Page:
This article is part of The Nation’s 150th Anniversary Special Issue. Download a free PDF of the issue, with articles by James Baldwin, Barbara Ehrenreich, Toni Morrison, Howard Zinn and many more, here.
August 3, 1985
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Delirious New York
Review of Bonfire of the Vanities, by Tom Wolfe, and In Search of New York: A Special Issue of Dissent, edited by Jim Sleeper.
Excerpted from the November 28, 1987 Issue
We live in this imaginary city, a novel that needs a rewrite, where the only politicians not in jail probably ought to be, except for Ruth Messinger, and all of them are Democrats; where the unions don’t care, and the schools don’t work, and the cops deal drugs, and the Mayor has his own foreign policy, and I can’t leave home without stepping over the body of a runaway or a derelict. We didn’t elect Felix Rohatyn to anything, but the Municipal Assistance Corporation is more important than the City Council. Nor did we vote for Steinbrenner, Trump or the rest of the bullies and crybabies who bray on our battlements and wave the bloody pennants of their imperial omophagous selves; and because none of these heroes ever takes the subway, there’s no one to shoot them. Maybe we need Jeremiah more than we need Tom Wolfe or a bunch of disappointed intellectuals.
But Wolfe and Dissent have written their New York City novels anyway. Wolfe, the parajournalist, looks pretty much the same as always, still grinning at us out of the nimbus of his double-breasted signature white suit, a vanilla-colored Mau Mau. Dissent, on the other hand, has had a format face-lift and for the first time in thirty-three years you can read the socialist quarterly without an O.E.D. magnifying glass. In both their novels, the underclass is the stuff of dreams, the return of the repressed, a history-making black magic. They disagree, of course, on whether this is a good thing. Listen to Wolfe: “You don’t think the future knows how to cross a bridge…. Do you really think you’re insulated from the Third World?”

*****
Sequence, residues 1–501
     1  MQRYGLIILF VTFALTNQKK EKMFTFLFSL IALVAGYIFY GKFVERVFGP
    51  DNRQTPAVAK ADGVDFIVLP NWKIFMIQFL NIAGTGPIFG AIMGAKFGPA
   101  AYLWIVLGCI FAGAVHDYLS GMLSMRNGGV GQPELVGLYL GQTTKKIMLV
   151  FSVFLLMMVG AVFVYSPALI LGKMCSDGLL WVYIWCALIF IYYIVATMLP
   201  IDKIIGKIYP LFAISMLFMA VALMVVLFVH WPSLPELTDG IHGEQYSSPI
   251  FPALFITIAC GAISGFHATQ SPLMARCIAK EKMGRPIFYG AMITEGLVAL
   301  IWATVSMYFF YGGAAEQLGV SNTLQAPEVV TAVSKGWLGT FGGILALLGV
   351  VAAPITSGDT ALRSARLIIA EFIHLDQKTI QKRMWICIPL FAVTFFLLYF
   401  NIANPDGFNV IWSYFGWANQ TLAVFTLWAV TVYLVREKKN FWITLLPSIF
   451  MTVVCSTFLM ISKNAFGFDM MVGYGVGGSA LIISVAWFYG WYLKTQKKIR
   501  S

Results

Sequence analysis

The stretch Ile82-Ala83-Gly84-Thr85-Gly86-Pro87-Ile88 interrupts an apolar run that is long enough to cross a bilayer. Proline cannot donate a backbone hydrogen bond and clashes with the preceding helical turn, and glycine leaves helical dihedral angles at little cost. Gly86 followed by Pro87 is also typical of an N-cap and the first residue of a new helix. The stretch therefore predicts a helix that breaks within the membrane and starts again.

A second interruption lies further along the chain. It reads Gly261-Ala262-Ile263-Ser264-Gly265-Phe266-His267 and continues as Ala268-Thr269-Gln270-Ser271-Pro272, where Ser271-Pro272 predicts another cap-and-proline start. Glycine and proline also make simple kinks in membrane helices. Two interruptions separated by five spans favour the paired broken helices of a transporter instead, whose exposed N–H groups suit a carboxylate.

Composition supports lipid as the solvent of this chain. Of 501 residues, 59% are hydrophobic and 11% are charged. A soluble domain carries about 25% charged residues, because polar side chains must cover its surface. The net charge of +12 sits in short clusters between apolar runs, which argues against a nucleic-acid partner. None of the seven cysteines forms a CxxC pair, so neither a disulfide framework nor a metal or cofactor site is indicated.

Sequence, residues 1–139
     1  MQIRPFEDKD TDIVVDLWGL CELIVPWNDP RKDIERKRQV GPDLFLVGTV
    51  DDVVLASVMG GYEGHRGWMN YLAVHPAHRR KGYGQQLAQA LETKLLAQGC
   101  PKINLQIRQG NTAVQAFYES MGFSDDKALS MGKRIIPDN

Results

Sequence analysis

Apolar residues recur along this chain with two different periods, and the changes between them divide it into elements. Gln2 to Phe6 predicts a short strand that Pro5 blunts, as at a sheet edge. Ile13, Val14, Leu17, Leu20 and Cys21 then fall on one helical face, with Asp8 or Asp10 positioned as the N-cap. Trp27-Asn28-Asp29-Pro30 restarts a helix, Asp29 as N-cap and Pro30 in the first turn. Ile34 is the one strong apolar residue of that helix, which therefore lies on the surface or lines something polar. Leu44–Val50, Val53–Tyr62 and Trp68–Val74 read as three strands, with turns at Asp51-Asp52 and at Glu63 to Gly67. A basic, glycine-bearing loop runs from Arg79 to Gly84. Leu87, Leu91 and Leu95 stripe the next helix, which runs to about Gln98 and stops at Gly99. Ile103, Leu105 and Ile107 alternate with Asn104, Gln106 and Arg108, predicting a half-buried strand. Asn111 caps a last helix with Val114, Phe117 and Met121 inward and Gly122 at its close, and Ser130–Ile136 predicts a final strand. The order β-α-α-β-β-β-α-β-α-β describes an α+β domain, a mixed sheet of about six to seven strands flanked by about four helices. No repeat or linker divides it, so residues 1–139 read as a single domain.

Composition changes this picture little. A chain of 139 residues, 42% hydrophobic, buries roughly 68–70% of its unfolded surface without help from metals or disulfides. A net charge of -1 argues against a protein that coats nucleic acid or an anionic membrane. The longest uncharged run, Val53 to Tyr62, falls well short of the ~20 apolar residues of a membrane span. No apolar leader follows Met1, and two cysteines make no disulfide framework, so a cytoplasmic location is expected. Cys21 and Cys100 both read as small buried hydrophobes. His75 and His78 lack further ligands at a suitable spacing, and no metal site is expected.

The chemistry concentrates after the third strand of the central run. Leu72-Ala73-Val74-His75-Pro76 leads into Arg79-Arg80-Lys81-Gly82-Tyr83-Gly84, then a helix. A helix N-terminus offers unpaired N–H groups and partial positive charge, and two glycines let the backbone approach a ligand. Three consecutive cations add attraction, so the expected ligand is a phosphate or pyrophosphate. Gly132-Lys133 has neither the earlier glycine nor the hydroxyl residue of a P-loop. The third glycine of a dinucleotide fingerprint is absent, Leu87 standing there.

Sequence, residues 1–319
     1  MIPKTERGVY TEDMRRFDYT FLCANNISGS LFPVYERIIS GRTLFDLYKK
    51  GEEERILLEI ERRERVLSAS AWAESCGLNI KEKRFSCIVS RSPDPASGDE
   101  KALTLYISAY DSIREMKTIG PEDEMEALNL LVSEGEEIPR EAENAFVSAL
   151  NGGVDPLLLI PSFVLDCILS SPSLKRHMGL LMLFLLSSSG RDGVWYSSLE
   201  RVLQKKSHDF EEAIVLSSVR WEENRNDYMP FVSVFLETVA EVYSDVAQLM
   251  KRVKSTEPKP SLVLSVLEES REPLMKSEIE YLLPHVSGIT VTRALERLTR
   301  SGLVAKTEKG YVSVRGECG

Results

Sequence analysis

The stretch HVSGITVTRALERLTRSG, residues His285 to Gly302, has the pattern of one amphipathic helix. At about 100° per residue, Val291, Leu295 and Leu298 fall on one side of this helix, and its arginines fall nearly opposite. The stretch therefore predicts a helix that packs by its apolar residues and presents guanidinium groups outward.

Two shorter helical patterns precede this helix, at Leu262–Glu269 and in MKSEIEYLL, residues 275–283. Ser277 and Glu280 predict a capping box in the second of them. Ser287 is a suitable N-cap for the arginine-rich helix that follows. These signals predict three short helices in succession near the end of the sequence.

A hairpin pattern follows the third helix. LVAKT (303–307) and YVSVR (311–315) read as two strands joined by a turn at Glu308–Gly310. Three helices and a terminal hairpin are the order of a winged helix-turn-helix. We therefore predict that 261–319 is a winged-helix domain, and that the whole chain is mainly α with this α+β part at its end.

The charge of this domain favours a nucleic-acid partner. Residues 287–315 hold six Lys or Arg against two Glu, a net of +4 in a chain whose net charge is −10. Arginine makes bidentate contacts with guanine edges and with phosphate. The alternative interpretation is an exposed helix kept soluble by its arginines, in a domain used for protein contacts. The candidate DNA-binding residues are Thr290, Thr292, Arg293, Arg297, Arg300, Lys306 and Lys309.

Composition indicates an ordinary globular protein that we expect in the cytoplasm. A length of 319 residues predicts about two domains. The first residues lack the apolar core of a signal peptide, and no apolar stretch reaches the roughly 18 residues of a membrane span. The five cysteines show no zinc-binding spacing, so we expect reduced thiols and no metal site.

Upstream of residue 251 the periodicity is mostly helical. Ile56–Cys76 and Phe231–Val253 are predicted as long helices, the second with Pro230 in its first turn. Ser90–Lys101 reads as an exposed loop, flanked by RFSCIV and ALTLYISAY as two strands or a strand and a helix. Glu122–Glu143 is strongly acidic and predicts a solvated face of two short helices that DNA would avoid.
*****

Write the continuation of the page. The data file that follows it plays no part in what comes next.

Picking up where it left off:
Dissent wants this very same Third World—2.5 million “newcomers” since 1965—to be an energizing principle. In diversity we’ve always found our jumping beans. From the abrasions of culture on culture, we rub up a public philosophy and a civic space. Surely these new immigrants, this ethnic muscle, will rescue us from a mood grown “sullen, as if in contempt of earlier feelings and visions” and “a peculiar kind of social nastiness” (Irving Howe); a “trained incapacity to see the city as a human environment, or as anything more than a machine for generating money” (Marshall Berman); “a way of life that is not much better than jungle warfare” (Ada Louise Huxtable); and “a world devised in its entirety by Dostoevski’s Smerdyakov” (Paula Fox).